Here’s something I’m reading. Thanks, John Wright.
“In Dickens’ Great Expectations, Pip was commanded to play by mad Miss Havisham, and he found that he couldn’t. The circumstances just weren’t right: he was helplessly self-conscious and didn’t know where to start. Play is unconscious in our own childhood, but in adulthood, Miss Havisham is alwasy in the room somewhere, so we have to conscientiously establish the appropriate circumstances that enable us to feel free to do what we like, or we’ll end up feeling awkward and self-conscious like Pip. Play is a discipline for me, with its own ground rules and its own procedures. Let’s not kid ourselves; theatre-making can be tough and making comedy even harder. The spectre of Miss Havisham will rise up in the form of lack of time, lack of money, intractable material or interpersonal conflicts. You might be tearing your hair out in the office with interminable discussions but in the rehearsal room, play always generates more material than discussion.”
Why Is That So Funny? John Wright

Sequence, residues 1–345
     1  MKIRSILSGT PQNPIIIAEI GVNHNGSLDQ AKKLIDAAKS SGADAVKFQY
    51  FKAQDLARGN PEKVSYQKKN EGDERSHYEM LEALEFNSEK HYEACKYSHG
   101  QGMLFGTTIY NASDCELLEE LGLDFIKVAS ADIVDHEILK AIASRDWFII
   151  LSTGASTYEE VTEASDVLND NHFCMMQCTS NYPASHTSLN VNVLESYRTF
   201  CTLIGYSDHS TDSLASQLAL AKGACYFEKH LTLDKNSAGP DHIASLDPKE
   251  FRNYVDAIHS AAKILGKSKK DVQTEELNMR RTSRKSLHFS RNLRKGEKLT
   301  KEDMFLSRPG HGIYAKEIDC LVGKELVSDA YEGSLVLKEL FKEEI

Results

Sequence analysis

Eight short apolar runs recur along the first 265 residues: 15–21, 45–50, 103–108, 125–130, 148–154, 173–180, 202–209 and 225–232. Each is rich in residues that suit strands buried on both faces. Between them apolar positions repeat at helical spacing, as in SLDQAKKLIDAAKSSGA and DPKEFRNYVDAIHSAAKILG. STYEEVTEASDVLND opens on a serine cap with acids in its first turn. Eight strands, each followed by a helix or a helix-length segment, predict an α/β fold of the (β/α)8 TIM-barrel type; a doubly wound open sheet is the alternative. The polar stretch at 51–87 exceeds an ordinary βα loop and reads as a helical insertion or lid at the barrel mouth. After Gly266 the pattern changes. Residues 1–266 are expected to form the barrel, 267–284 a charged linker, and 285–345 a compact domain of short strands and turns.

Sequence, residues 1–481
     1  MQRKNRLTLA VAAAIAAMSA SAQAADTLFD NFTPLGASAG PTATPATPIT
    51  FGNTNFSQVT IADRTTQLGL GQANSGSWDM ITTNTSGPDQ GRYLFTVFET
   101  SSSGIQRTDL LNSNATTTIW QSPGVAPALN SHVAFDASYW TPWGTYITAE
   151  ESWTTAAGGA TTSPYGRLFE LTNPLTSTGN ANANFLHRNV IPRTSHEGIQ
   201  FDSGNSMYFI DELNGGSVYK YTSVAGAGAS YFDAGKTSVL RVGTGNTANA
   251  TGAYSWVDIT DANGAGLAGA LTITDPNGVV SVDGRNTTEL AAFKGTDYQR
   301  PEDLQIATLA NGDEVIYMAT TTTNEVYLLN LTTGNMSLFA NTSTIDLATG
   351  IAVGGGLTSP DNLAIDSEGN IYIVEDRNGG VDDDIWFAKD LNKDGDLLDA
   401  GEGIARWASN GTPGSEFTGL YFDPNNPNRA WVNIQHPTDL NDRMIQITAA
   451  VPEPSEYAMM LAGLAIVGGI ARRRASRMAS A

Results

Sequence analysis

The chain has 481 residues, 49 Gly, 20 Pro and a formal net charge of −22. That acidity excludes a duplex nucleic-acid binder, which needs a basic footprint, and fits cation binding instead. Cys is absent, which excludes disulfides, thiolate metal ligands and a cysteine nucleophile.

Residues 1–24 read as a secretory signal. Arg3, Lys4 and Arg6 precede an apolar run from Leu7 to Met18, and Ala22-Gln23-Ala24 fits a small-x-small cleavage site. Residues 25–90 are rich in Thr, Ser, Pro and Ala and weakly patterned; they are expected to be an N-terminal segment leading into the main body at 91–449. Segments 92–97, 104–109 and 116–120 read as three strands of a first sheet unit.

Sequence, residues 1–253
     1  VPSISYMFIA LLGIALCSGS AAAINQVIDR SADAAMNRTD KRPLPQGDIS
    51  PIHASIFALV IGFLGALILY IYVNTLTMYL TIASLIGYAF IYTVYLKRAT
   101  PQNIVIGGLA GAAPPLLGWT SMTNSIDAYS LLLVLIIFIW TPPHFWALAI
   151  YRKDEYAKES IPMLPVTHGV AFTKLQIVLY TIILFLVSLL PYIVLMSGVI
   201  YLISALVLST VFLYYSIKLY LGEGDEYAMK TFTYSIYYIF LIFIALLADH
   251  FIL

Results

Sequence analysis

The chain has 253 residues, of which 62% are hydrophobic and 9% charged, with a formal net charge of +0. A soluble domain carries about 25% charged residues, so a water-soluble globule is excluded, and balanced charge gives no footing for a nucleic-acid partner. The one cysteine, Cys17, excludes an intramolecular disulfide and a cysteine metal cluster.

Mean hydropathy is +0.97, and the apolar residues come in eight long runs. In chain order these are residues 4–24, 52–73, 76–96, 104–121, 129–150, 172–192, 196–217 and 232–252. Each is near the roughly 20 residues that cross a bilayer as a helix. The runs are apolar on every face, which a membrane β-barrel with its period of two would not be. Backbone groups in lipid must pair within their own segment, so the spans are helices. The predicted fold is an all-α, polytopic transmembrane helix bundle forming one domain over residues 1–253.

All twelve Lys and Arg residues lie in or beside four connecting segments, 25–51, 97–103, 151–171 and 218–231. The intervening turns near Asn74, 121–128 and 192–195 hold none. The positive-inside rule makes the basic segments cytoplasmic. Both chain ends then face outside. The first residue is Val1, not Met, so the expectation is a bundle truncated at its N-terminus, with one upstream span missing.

As a note in the margin, for today, for myself, this:
I don’t hold with the ‘growing up is over-rated’, school of thought. It’s not intrinsic to adulthood that your technicolour world turns greyscale, any more than childhood is all splashing through puddles and unicorn races. Play is everywhere and anytime possible. We stay hungry for it, and it stays vital. It’s just that as time goes on, we have to keep our mum’s voice out of our heads as much as we did when we were children and were called to tea, and strategically shut out the call to the kitchen until the game was done. That voice is harder to ignore when it has taken up residence in your innards. But it does, and it can be loved, appreciated and listened to, and on other occassions the door can be shut. Tea will be just as good cold. Because I’m a grown-up now, so I can do what I like.